Review of the Real Mother Series
I’ve been writing about real mothers, mothers who authentically fulfill not only the letter of the archetypal laws of motherhood, but the spirit of it as well. I used the child adoption realm to discuss the wounding that people carry with them, wounds that sometimes obscure truth and may keep a person stalled during his or her quest for individuation or wholeness. I write about these issues because I encounter more people stuck in their individuation process who have histories of abandonment than any other sort of stuck person. While most are not adopted (ironically enough), many were. The adopted stuck seem to remain stuck longer, and I think one possibility is that they remain stuck because they receive so much support for being, and remaining, stuck. They are told that they are wounded, and thus stuck, forever due to some primal wound caused by separation from their birth mothers, a wound that cannot be healed, really, making them perpetual victims and always children who cannot be in control of their own destinies.
Well, of course I think this view of being adopted is hogwash. But it does illustrate one view of over-identification with an archetype, and so next I’ll be writing about what this means, what it looks like. As I’ve explained before, I believe that healing is spiritual and much of what needs to be undertaken to heal the broken-hearted is spiritual work, work with the unconscious. What we need is a shaman to shake the rattle, a dance danced around the fire, an ecstatic experience, rosaries prayed, prayer wheels spun, someone to slap us on the forehead and shout, “BE HEALED!”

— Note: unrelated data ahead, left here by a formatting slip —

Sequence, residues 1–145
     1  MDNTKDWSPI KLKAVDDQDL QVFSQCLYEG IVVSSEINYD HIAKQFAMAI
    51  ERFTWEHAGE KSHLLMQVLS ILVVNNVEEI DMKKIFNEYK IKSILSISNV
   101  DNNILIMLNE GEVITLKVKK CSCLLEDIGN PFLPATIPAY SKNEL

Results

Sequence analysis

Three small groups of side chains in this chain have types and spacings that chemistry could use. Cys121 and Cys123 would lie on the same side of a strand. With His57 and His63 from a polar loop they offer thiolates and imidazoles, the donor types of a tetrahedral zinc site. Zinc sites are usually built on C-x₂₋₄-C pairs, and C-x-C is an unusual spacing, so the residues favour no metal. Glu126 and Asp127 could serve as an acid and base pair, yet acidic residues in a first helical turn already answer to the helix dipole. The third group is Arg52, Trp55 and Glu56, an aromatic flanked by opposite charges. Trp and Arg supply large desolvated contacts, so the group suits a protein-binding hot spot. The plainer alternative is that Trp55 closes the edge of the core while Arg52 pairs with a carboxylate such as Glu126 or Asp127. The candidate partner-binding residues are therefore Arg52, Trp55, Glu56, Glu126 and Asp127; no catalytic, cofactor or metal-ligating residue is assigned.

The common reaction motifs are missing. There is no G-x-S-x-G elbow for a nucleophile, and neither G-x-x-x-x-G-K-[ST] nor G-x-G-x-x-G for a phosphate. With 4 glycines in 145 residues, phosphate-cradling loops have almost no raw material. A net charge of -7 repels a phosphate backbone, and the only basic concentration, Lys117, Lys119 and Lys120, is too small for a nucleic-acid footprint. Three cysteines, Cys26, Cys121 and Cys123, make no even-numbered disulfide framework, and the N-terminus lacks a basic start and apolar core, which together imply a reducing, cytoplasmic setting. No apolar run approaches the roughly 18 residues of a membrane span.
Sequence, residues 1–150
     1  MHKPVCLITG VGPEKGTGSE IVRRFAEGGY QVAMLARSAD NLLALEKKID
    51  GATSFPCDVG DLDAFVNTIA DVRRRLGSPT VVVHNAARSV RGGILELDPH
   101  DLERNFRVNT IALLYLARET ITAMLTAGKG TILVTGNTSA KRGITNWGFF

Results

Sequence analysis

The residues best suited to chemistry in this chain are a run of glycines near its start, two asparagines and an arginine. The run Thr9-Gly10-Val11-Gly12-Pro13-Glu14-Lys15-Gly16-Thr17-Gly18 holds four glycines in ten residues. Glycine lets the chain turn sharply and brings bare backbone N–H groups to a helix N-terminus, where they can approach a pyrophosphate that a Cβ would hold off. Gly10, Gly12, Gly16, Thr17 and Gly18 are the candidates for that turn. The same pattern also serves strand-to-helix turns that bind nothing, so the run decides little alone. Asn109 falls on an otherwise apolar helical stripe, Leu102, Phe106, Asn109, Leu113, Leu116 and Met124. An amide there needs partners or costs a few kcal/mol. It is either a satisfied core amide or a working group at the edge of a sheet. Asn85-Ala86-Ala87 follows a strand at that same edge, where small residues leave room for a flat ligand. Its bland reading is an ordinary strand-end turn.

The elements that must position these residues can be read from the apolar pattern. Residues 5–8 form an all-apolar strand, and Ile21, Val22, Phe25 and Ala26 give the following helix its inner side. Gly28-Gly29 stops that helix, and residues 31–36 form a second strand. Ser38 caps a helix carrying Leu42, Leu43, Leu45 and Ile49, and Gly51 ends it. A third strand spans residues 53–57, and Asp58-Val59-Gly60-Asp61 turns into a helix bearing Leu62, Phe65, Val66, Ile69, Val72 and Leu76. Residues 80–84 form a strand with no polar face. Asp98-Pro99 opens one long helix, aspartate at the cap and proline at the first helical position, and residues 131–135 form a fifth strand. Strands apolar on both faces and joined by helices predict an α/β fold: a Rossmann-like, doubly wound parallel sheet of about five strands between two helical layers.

After introducing my subject, I next turned to commenting briefly about the insatiable desire for a child that is created by the barren womb, using a Biblical basis to do so. Perhaps later I’ll write in depth about this, for those who cannot have children often identify with the Mother or Child archetype, and it may be useful to some to understand this theoretically so that they can try to avoid the pitfalls associated with identification with an archetype. They can become more whole and authentic if they’ll do this. But since my first aim was to differentiate between “real” love and the appearance of love, I merely touched on the high cost of infertility in emotional and financial terms, and commented about the adoption industry.
Next in this series, I pointed out that adopted people have often been raised by adoptive parents, mothers in particular, who are not whole people themselves, and whose wound of infertility expanded to swallow the adoptee alive, when the adoptee became the solution to the problem. As many of us who are adoption involved have pointed out, when the adopted child is the second choice for a couple, the child knows it. What sort of a pain is created when we know we’re second choice, second best? This is the wound out of which adoptees struggle to grow. It is their wound that needs healing, but because so many adoptees are raised by emotionally and spiritually stunted adoptive parents, once they have reunions they are in poor positions to judge the inadequacies of their birth parents. They will accept statements such as “if I had it to do over again, I’d choose an abortion rather than adoption” without confronting the fact that their mother has just admitted she would kill her own child rather than suffer through relinquishment again. It is still all about Mother. But, because the adoptive mother has already trained the adopted child in caretaking, the adoptee is still stuck, suspended between two mothers and two families, everyone with their demands on him or her, unable to break loose and individuate and so suffering like a prisoner for years, even a lifetime.
Finally, I arrived at my point about what real love is, and about how it behaves. I know that I sometimes need to remind myself about what real love is, or else I may become awash in a sea of sentimentality that sounds right, but acts wrong. Recalling to mind the characteristics of real agape love is one way of taking care of the inner waif. In the end, we ourselves are the only ones who can restore to the waif the lost parents, hearth, and home, and give the orphan a place from which to leave on her grand Quest to individuation.